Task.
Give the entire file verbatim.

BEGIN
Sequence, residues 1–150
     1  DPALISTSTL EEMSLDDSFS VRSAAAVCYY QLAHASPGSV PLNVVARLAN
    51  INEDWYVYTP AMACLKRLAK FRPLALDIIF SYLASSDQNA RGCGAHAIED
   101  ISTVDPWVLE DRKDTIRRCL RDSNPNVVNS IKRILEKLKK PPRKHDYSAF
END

Sequence, residues 1–150
     1  DPALISTSTL EEMSLDDSFS VRSAAAVCYY QLAHASPGSV PLNVVARLAN
    51  INEDWYVYTP AMACLKRLAK FRPLALDIIF SYLASSDQNA RGCGAHAIED
   101  ISTVDPWVLE DRKDTIRRCL RDSNPNVVNS IKRILEKLKK PPRKHDYSAF